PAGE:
YELLOWSTONE NATIONAL PARK, Wyo. - Badged officers blocked traffic as the lengthy motorcade approached. Reporters and photographers crowded both sides of the road, and satellite dishes atop television stations' trucks stood ready to beam the scene to the rest of the world. At a "media center'" occupying a cavernous gymnasium, banks of telephones were ready for journalists dashing to file their stories.
Car after car holding law enforcers, local leaders and dignitaries passed those waiting to behold the real celebrities of the hour. Then, as the celebrities approached and passed by, local residents braved the cold to wave and cheer at the portentous vehicle.
A horse trailer.
Inside the white carriage pulled by a government pickup truck were eight passengers: gray wolves shipped south from Canada, the first of their kind in decades to take up residence in America's first national park.
And unlike any wildlife recovery project before it, the return of gray wolves to Yellowstone and, simultaneously, to the wilderness of central Idaho, was an unrivaled media event. Not only did it involve the controversial predators, but also a famous national park, plenty of government spending, legal wrangling, and that old reportorial standby, the environment versus the economy.
In the eye of the storm were the wolves: eight wild creatures (six more followed on Jan. 20) that had unwillingly taken center stage in what may be the most ambitious and most emotional wildlife recovery effort of our times.
The effort was historic because it seeks to right what is now seen as wrong: exterminating predators to benefit the prey. This shift toward restoring a natural balance to wildlife populations started just a few decades ago, for as recently as 1922 a Yellowstone official wrote that controlling wolves must be "vigorously prosecuted by the most effective means available whether or not this meets with the approval of certain game conservationists."
From 1914-1926 in Yellowstone alone, 136 wolves were shot or poisoned or trapped. Montana state records for 1883-1918 reveal an enormous number - 80,730 - were killed and turned in for bounty. Now, polls taken at the park and elsewhere show overwhelming support for the predator's return. For many, the wolf's haunting howl seems the essence of the West's rugged landscape.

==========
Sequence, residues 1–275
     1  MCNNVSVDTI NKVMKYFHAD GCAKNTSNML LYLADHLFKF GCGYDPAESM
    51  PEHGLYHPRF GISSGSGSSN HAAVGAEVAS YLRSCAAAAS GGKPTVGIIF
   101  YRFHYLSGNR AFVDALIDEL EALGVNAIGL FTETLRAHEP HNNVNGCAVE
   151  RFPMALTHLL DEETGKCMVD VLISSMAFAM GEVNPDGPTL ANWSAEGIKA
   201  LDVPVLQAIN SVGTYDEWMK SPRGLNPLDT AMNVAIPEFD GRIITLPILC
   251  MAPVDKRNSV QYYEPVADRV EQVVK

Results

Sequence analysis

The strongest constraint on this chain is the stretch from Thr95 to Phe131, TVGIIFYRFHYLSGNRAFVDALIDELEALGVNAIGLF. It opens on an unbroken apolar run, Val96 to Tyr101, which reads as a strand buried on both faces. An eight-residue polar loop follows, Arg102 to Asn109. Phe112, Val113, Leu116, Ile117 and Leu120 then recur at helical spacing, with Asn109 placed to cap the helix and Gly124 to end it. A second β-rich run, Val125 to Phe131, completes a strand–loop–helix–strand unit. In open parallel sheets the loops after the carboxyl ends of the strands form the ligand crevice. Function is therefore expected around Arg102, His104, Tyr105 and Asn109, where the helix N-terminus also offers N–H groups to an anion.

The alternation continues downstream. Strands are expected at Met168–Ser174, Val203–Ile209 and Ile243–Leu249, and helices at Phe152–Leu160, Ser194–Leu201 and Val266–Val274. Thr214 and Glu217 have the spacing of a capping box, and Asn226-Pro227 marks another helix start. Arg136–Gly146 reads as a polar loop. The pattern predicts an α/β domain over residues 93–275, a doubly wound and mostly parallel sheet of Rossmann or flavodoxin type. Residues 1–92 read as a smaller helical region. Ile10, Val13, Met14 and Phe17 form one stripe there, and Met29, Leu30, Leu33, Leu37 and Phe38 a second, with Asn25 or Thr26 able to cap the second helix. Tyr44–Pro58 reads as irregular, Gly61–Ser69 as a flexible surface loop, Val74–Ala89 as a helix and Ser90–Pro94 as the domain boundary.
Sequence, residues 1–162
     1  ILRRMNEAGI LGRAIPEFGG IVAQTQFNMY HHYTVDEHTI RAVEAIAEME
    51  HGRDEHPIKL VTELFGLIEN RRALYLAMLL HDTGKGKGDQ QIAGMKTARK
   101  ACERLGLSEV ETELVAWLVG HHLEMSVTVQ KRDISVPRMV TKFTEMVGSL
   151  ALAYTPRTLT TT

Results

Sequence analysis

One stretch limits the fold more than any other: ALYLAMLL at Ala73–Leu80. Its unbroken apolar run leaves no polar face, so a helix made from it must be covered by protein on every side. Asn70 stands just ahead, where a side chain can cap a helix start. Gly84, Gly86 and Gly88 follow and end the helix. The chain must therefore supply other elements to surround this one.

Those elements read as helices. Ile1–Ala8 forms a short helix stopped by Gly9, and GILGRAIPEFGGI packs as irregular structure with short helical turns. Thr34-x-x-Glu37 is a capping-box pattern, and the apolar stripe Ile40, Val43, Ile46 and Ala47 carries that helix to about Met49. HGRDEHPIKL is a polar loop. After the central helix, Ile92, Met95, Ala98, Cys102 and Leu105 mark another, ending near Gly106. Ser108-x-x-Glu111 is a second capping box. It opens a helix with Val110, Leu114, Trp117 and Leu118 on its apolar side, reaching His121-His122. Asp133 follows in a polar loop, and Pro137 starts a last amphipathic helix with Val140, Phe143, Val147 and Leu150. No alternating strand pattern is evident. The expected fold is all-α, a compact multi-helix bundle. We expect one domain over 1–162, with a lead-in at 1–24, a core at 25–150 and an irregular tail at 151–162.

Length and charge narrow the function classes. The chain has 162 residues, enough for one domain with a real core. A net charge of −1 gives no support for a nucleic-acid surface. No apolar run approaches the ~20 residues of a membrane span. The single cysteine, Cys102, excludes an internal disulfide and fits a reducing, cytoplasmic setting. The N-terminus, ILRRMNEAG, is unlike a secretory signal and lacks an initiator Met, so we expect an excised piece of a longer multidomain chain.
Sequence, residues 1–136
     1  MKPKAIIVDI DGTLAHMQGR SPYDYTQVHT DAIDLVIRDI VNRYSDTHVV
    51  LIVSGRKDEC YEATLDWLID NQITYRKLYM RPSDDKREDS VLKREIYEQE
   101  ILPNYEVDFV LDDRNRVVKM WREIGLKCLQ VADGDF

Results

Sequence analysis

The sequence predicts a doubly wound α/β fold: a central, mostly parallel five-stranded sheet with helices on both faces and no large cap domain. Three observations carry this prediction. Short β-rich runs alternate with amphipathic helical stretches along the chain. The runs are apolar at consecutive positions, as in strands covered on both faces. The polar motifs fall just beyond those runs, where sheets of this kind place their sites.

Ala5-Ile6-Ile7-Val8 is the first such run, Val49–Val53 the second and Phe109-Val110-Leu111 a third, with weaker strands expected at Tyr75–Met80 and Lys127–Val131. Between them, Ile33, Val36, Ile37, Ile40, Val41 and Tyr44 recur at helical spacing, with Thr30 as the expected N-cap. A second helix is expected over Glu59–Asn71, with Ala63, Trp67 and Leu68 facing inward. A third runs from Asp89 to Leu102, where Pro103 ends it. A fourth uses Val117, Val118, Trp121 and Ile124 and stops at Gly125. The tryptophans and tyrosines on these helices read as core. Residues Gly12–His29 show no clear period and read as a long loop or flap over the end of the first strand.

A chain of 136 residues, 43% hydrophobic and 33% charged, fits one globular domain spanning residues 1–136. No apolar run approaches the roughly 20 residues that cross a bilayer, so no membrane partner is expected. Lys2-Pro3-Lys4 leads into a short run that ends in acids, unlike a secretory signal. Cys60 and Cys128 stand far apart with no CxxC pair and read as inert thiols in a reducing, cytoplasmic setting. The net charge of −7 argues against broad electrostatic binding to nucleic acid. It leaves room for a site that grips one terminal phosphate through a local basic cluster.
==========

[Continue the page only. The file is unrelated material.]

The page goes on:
Yet the wolves aren't entirely welcome. Ranchers near the park fear another predator in addition to the grizzly. Some biologists said that with more federal protection, wolves could move in on their own. And just getting the animals to Yellowstone was an ordeal.
They had been, in no specific order and often multiple times: chased by helicopter across otherwise quiet Canadian forests, targeted by tranquilizer-gun-toting marksmen, manhandled, drugged, shut inside steel crates, poked and prodded in places that would make Little Red Riding Hood turn red, sprayed for lice, ogled by reporters, blindfolded, jostled in trucks, flown around on a cargo plane and stashed in the horse trailer that rolled through the main entrance to Yellowstone.
Then they were hauled aboard a mule-drawn sled, toted (in the steel crates) by none other than Interior Secretary Bruce Babbitt and U.S. Fish and Wildlife Service Director Mollie Beattie, guarded by round-the-clock security teams and turned into chain-link pens where government biologists hoped they would "behave normally."
If anyone was sensitive to the animals' plight, it was the biologists, who recognized the stress of the journey. As veterinarians were examining a big, 100-pound female wolf, Fish and Wildlife Service biologist Steve Fritts said, "After what they've been through, I don't think they're going to want to have anything to do with people ever again." "
For Babbitt, talking to 100-plus reporters vegetating in the media center, the event was spectacular. "This extraordinary creature creates for us a complete portrait of what a national park should be," said Babbitt, who acknowledged that his ranching ancestors had joined in the systematic poisoning and trapping campaigns that erased wolves.
Relishing the media spotlight far more than the wolves did, Babbitt went on: "At last the wolves are coming home, and Yellowstone will be a complete ecosystem ... It's an extraordinary achievement and it's an important statement about who we are as Americans."
But as I wrapped up my reports on the first year of the federal effort to return a native carnivore to a small slice of its historic range, I felt sympathy for the wolves, who could never have bargained for anything like what they got.
The sorrow is no reflection on the $7 million government plan to revive wolves in the West and then take them off the endangered species list, an ambition that has already seen $6 million put into studies.
The wolf recovery plan aims to move 30 wolves to Yellowstone and Idaho each year for three to five years. By then, biologists predict, 10 fruitful wolf packs will increase on their own and could be controlled by regulated hunting.